Native American and U.S. Marine Robert Mann displays the contents of his personal pouch of sacred tobacco -- called "wak tani" in the Ho-Chunk language -- in Black River Falls, Wis. Photo by Valerie Tobias

The fight for sacred tobacco

Over the years, several Native American servicemembers of the Ho-Chunk Nation in Wisconsin have had their sacred tobacco confiscated by military authorities. The tobacco is tested and determined to be perfectly legal, but it's almost never returned to its rightful owner.

Sacred tobacco is no different from crosses, rosaries, Bibles or any objects that are sacred to other religions, explains Wilfrid Cleveland, president of the Ho-Chunks. Most tribe members carry their tobacco with them - or keep it near them - in small leather pouches.

"From the beginning of time, we had our ceremonies and we were in unison with the Creator and the things around us," Cleveland says. "The harmony that we live in with Creation - part of it is our sacred ceremonies, and when our elders offer tobacco to the Great Spirit for safekeeping our young ones going off to war."

When Ho-Chunks join the armed forces, their sacred tobacco goes with them and they want the Department of Defense to stop taking it away.

Robert Mann is a veterans service officer for the Ho-Chunks and works closely with three American Legion posts in the area: 442, 556 and 129. Whenever a tribal member's tobacco is confiscated in boot camp, during personnel inspections or at customs checks, Mann usually becomes involved. He thinks that some DoD personnel have a hard time understanding the importance of sacred tobacco in the Ho-Chunk belief system.

"You'd have to compare it to something that's precious to you," Mann says. "Let's say you carry a Bible. This Bible means an awful lot to you, and you carry it at all times, and somebody walks up and says, ‘You can't have that,' and takes it away from you with no explanation."

Confiscation of sacred tobacco is especially irritating to the Ho-Chunks because their right to possess it has been protected by federal law since Aug. 11, 1978.

The American Indian Religious Freedom Act clearly protects tribal rights "to believe, express, and exercise" their traditional religions, including "access to sites, use and possession of sacred objects, and the freedom to worship through ceremonials and traditional rights."

Less than a month after that law was passed, Private First Class James Pettibone, USMC, had his sacred tobacco confiscated at Camp Lejeune, N.C. In a statement he recently wrote for the Ho-Chunk Nation's records, Pettibone explained his tobacco was taken "because it resembled an illicit drug." One question put to him at the time was, "Is this that wacky tobacco you smoke to go on the warpath?"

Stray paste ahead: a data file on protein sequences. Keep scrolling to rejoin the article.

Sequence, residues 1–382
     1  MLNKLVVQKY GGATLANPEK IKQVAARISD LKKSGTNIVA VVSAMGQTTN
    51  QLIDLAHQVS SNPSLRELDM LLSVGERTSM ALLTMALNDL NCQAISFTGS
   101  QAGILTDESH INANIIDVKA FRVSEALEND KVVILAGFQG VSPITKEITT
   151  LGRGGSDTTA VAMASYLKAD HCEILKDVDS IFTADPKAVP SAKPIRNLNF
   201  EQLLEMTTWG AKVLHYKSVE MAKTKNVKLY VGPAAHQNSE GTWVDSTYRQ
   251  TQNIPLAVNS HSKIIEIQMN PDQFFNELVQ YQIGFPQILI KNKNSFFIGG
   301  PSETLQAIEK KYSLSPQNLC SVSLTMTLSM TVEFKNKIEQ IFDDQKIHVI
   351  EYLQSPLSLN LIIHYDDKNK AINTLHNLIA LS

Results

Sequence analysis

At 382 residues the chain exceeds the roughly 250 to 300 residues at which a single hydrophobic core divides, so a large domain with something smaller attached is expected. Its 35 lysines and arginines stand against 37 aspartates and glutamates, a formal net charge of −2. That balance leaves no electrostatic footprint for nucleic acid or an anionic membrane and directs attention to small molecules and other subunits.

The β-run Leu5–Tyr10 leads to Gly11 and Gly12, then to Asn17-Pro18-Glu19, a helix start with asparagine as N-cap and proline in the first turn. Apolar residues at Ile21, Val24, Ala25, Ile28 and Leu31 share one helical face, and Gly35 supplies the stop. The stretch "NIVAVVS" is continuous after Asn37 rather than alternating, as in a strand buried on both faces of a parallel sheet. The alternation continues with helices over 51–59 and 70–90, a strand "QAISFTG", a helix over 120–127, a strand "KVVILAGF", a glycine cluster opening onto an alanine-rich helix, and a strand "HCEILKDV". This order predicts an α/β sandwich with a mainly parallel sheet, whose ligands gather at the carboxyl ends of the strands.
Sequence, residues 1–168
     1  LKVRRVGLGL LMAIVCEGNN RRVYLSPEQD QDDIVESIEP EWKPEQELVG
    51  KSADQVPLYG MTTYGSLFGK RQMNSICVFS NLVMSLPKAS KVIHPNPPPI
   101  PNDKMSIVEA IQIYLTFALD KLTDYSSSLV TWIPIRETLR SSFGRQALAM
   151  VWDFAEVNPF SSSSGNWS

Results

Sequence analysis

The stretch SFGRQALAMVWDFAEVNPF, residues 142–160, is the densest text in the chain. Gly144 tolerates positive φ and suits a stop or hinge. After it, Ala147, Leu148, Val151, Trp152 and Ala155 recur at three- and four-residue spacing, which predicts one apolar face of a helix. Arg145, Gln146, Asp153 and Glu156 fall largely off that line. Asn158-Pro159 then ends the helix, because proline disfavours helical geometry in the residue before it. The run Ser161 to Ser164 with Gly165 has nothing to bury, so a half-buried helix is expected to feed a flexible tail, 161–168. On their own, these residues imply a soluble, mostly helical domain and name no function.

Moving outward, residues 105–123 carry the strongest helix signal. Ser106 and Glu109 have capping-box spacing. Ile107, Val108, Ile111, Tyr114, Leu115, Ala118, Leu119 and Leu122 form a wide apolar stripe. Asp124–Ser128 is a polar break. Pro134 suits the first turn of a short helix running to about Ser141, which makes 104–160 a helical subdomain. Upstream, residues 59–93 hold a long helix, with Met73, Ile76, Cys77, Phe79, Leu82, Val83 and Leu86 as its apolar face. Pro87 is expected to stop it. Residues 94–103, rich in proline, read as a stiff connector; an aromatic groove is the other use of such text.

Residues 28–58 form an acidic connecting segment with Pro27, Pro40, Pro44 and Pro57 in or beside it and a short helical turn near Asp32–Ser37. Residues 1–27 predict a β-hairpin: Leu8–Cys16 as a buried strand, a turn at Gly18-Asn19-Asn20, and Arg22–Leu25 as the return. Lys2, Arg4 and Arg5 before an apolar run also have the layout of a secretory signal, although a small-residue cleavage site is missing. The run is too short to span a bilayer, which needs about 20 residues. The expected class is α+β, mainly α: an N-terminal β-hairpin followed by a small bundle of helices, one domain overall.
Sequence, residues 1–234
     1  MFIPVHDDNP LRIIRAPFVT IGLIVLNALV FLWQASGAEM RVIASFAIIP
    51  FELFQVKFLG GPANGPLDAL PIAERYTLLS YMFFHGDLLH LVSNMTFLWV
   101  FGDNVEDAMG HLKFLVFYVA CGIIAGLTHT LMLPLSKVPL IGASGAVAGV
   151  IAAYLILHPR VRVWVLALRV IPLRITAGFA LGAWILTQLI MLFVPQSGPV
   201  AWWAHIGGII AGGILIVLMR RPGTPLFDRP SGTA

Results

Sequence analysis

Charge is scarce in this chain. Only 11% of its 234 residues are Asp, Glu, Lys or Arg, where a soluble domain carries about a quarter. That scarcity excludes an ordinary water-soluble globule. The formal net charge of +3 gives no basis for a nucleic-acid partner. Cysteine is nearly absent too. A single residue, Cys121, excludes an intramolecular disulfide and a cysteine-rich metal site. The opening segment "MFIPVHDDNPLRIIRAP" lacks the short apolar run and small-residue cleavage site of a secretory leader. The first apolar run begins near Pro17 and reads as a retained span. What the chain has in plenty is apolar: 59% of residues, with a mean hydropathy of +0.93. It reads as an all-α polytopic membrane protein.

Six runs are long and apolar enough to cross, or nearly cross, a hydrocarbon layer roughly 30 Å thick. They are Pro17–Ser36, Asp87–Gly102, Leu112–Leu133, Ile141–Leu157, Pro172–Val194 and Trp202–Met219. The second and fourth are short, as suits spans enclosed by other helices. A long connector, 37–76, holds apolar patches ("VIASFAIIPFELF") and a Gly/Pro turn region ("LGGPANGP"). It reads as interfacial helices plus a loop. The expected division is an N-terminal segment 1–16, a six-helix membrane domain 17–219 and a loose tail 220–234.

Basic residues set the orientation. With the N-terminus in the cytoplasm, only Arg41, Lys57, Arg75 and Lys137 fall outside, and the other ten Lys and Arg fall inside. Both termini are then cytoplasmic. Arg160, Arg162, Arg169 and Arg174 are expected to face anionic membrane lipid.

"Thirty-two years later," Pettibone wrote, "we are still dealing with wars that our sons and daughters have to contend with; 32 years later, our kids die and are still being stripped of their sacred tobacco pouches."

Among Ho-Chunks serving in the military, tobacco confiscation is infrequent but it happens often enough to remind the tribe that some members of our armed forces continue to violate federal law and remain ignorant about Native American beliefs.

Many Ho-Chunks have died in combat overseas, defending a country their ancestors once warred against. One of the tribe's fallen warriors, Corporal Mitchell Red Cloud, Jr., received the Medal of Honor for his brave actions in the Korean War on Nov. 5, 1950. Stationed on the point of a ridge right in front of his company's command post, Red Cloud was the first to face an onslaught of Chinese Communist troops charging from a brush-covered area less than 100 feet away.

When Corporal Red Cloud died for his country, his sacred tobacco was with him.

David Kurtz, adjutant of The American Legion's Department of Wisconsin, thinks the DoD "has to do a better job in teaching its own people that sacred tobacco is not marijuana or any other kind of controlled substance. It's got to be a priority of leadership to penetrate down to the drill instructors, to the NCO's, to get down to where the rubber meets the road and educate them," says Kurtz.

"The military has so many administrative procedures to deal with somebody who enlists with different medical needs, or if they have different religious beliefs. It's a question of willingness to accommodate these beliefs."

Editor's note: A feature story on "Sacred Tobacco" will appear in the February 2011 issue of The American Legion Magazine.